Trying to make decisions regarding your mortgage can seem a little overwhelming if you are not comfortable with the terminology. Below are some of the common terms you are likely to hear. If you are meeting with your mortgage broker and you are not clear about the discussion, it is important to ask for clarification. We like to have time to work with our clients before we sit down with an accepted offer, to make sure they have a solid understaning of the decisions they will be making.

AMORTIZATION:

Amortization refers to the length of time it takes to completely pay off your mortgage. For high ratio mortgages, the maximum amortization allowed is 25 years, and for conventional mortgages this extends to 30 years. It is to your advantage (in most cases) to choose the shortest amortization you are comfortable with as you will pay less interest in the long run.

TERM:

The actual length of time money is loaned at the contractual rate of interest. Terms range from three months to twenty-five years. Traditionally the longer the term, the higher the rate.

CONVENTIONAL:

Regulations under The Bank Act prohibit Bank, Trust and Insurance Companies from lending in excess of 80% of the purchase price or the appraised value of a property without obtaining Mortgage Loan (High Ratio) Insurance. A loan for up to 80% of the purchase price of a property is a conventional mortgage.

INSURED / HIGH RATIO:

A mortgage for 80.1% to 100% of the purchase price of a property is deemed high ratio. All high ratio mortgages are subject to a premium (mortgage loan insurance – you may hear this referred to as a CMHC or Genworth premium). This premium is calculated on a sliding scale depending on how much you put down on your mortgage. Most home buyers choose to add this amount to their mortgage.

MORTGAGE LOAN INSURANCE (high ratio):

High ratio mortgages must be insured through CMHC (Canada Mortgage and Housing Corporation), Genworth Financial Canada, or Canadian Guarantee. CMHC, Genworth and Canadian Guarantee provide default or high ratio insurance to the lenders protecting them against the risk of lending to homebuyers who have less than 20% down payment available.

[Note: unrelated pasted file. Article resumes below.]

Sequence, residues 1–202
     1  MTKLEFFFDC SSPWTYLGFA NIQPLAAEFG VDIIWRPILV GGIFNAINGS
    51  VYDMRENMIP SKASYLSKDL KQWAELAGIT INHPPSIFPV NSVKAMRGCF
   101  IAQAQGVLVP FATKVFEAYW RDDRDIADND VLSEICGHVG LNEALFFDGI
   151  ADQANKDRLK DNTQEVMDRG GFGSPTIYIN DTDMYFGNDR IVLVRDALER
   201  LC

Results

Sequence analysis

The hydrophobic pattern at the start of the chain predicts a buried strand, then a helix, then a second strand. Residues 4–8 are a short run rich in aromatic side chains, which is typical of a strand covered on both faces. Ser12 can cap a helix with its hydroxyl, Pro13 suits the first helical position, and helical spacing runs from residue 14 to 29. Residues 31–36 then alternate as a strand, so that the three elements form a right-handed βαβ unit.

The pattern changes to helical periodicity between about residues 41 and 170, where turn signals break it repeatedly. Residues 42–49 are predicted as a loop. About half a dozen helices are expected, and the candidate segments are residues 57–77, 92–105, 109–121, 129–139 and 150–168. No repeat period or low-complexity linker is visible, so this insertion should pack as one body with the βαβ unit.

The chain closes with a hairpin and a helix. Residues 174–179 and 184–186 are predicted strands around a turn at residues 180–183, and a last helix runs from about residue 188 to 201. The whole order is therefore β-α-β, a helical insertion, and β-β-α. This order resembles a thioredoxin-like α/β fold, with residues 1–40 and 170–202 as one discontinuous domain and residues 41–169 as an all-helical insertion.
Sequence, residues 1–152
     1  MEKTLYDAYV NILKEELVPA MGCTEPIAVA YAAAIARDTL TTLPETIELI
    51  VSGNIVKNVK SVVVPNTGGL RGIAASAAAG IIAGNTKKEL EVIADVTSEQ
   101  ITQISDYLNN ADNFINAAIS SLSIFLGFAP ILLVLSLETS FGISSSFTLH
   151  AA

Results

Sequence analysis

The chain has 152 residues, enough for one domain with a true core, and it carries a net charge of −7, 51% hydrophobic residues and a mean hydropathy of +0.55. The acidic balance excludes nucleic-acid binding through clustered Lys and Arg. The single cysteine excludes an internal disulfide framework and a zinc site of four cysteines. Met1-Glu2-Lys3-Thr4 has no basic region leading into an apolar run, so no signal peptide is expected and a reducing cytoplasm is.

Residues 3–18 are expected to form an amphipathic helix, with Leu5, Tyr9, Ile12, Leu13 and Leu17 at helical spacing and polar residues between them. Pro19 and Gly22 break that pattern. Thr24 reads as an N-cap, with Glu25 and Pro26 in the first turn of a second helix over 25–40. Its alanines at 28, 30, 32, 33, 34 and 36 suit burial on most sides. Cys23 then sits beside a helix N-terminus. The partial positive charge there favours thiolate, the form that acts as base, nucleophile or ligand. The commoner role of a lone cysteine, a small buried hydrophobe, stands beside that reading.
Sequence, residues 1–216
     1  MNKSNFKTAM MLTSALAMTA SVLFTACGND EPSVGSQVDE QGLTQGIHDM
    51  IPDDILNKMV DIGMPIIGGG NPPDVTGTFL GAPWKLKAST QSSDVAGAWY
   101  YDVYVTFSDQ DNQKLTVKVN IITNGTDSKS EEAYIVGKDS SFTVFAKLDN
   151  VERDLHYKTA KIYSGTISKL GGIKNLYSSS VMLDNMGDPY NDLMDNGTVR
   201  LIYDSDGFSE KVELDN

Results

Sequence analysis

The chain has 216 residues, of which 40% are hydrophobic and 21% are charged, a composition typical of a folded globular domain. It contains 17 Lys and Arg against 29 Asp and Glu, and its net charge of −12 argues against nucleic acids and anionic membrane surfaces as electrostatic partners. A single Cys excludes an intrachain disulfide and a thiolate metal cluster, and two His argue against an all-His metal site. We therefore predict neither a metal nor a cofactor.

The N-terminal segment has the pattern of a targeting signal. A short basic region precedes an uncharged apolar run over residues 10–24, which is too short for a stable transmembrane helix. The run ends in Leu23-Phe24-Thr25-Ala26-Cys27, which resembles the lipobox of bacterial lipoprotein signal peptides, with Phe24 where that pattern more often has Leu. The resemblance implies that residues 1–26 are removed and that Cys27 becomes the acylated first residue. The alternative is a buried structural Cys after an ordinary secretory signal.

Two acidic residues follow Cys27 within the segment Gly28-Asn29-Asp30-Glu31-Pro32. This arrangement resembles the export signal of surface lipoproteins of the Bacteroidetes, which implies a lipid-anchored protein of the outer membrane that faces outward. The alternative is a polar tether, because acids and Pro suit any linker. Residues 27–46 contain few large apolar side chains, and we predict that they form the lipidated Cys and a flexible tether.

The insurance premium is paid by the borrower on behalf of the lender. The insurance premium that is paid to the mortgage insurer is to protect the lender in the event that the mortgage is not paid. This is not to be confused with life, disability, or job loss insurance.

FIRST MORTGAGE:

Mortgage given first priority at the registry office. Most borrowers only have one mortgage on their property, but in the event of default or other collection actions, the first mortgage holder has priority over any other claims.

SECOND MORTGAGE:

A higher interest rate loan that provides borrowers with additional financing if the first mortgage does not meet their total financial requirements. Second mortgages are generally expensive to set up and charge higher rates of interest.

OPEN MORTGAGE:

With an open mortgage, the entire principal or any part of it can be prepaid to the lender at any time without having to pay any penalty or bonus interest to the lender. The length of the term is generally 6 months to 1 year, although some banks have introduced 5-year open terms.

HOME EQUITY LINE OF CREDIT:

A Home Equity Line of Credit (HELOC) is a revolving line of credit that is secured by your home. As the line of credit is secured by your home, the risk of repayment to the lender is reduced and reflected in the rate. A HELOC interest rate will be much lower than a personally secured loan. The maximum amount for a HELOC is 65% of your home’s value. When this is combined with a fixed portion of your mortgage the total loan-to-value cannot exceed 80%. With a HELOC mortgage product you can draw on the funds at any time and repay them at any time without penalty. 

CLOSED MORTGAGE:

These types of mortgages have a fixed term. If you were to pay out your mortgage before the mortgage maturity the lender would charge an early payout penalty. The amount of this penalty will vary, but generally it is 3 months interest or interest rate differential calculation whichever is greater. 

CONVERTIBLE MORTGAGE:

You can get the low rate typically associated with the short term, but the freedom to lock in at any time for longer, if you think rates are headed up. To win, however, you’ve got to be an assiduous rate-watcher. These mortgages are usually offered with a 3-month, 6-month or 12-month term.

VARIABLE RATE MORTGAGE (VRM):

A loan whose interest rate fluctuates with the Prime Rate. Prime Rate is a suggested rate by the Bank of Canada and is largely affected by the Bank Rate. A variable rate for your mortgage will be presented as a discount or premium to the Prime Rate.

This rate can fluctuate monthly, but is most likely to fluctuate quarterly as a result of the Bank of Canada announcing the Bank Rate. VRMs are handy mortgages when rates are falling because those rate breaks get passed along quickly as rates are adjusted. However, if you fail to act quickly when rates begin to rise, you may also miss the chance to switch to a fixed-term mortgage. Increases in interest rates could create problems if your VRM monthly payment doesn’t include any cushion for rate hikes. In that case the lender may require you to increase your payment to prevent a “deficit interest” situation.

It is really important that you make decisions based on your personal circumstances. Taking the time to educate yourself upfront may save you thousands of dollars over the long run!

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